The meeting ended with Mass by Bishop Hiraga of Sendai at Koriyama catholic church on Thursday afternoon. Since then I have moved to Akita to stay with members of the Seitai Hoshikai till Sunday.(Photo above: Inside the town of Tomioka. In front, there are barrier to prevent anyone to enter. Right hand side is the area to which residents are not allowed to return. Left hand side, residents are expected to return in near future.)

Through the meeting in Koriyama we leaned a lot about complex situation in Fukushima. Japanese Bishops are against nuclear power plants in Japan. At the same time, Bishops are calling to change present life style in Japan which consumes a lot of energy. Of course, Bishops do know that we can not force Catholics to have same opinion over this issue with us. We know there are different opinion within Church itself. We know there are voices against return to Fukishima because of radiation. We also know there are voices assuring safety of Fukushima. But what we can say is that ordinary people's ordinary life was destroyed in many ways and into many directions because there had been nuclear power plants in Fukushima. As we see the reality of people in Fukushima, we are not able to keep our mouth shut. So much issues in different levels have been mixed together to be the cause of difficulties for people's everyday life and that makes objective discussion almost impossible.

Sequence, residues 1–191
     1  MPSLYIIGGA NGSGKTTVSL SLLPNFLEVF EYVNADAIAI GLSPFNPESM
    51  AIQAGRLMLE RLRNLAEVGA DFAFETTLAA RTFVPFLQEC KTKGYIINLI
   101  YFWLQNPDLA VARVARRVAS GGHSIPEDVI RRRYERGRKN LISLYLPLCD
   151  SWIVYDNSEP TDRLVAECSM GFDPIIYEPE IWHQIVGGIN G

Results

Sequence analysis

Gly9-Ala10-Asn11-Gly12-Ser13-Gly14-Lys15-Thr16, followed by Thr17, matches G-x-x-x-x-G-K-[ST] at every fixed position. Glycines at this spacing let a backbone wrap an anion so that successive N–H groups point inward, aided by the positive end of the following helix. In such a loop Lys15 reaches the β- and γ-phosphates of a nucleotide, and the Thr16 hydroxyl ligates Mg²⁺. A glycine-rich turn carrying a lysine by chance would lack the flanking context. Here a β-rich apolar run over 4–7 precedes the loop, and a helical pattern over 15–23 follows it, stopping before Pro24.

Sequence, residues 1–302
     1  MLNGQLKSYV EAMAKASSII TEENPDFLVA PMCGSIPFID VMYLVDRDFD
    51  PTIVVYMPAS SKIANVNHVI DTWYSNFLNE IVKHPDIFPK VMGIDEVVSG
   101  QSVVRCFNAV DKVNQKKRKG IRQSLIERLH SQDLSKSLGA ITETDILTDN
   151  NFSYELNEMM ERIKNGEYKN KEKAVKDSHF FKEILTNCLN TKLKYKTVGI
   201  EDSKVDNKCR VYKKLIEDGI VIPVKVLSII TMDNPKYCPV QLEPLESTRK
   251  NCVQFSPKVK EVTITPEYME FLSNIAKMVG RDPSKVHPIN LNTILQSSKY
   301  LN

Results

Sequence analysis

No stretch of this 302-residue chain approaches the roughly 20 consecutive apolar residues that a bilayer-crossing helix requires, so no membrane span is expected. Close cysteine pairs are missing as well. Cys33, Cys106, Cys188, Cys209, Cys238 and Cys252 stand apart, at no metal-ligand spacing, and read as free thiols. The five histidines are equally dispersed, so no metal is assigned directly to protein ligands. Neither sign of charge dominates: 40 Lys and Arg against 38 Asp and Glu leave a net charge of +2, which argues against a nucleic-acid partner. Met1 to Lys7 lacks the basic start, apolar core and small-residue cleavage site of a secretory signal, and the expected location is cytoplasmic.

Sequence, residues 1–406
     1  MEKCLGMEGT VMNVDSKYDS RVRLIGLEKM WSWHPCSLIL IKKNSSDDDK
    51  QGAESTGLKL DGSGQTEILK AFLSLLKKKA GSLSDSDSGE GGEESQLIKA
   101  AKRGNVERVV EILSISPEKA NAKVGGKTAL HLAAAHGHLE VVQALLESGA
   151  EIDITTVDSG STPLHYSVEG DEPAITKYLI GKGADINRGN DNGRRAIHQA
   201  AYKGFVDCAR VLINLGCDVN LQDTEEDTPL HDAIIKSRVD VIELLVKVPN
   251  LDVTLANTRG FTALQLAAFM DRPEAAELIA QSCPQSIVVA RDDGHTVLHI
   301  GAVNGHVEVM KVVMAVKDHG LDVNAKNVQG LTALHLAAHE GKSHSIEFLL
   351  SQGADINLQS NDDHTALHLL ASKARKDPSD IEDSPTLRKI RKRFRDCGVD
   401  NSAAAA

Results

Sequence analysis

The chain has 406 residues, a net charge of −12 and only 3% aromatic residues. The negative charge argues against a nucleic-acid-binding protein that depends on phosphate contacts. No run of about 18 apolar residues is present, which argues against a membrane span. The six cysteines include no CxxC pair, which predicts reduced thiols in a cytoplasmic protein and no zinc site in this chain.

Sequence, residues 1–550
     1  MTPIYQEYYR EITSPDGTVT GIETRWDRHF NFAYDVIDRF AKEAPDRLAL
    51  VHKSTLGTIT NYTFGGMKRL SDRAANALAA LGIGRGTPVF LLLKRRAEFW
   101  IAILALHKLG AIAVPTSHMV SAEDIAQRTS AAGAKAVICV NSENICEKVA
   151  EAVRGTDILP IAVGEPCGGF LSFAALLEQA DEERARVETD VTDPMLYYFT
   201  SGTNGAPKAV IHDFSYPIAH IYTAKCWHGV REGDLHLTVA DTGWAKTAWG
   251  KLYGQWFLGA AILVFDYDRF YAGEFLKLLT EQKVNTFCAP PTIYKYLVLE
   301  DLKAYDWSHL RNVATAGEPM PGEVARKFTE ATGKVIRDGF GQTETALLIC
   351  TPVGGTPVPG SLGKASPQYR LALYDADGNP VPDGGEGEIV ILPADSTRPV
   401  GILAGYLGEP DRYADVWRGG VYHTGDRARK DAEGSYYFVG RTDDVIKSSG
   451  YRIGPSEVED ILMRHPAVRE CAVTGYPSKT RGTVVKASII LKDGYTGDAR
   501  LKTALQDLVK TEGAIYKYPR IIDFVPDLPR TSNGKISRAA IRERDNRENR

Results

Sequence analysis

In any case, the point is quite clear. Come and see the reality of people. People are deprived of their ordinary life. It is quite a challenge for most of them to claim them back. Majority in the society do not care anymore of the difficulties which people in Fukushima face everyday in order to maintain their daily life. Even though they are not responsible to what has been happened in Fukushima, people have to take responsibility to make choices of their life. This is not the issue contained within the boundary of Fukushima prefecture. It is the issue for entire Japan and we should not forget daily sufferings of people in Fukushima. Communities are divided. families are divided. Firends are separated. All for what reason? (Radiation meter in front of Futaba town temporal police station.)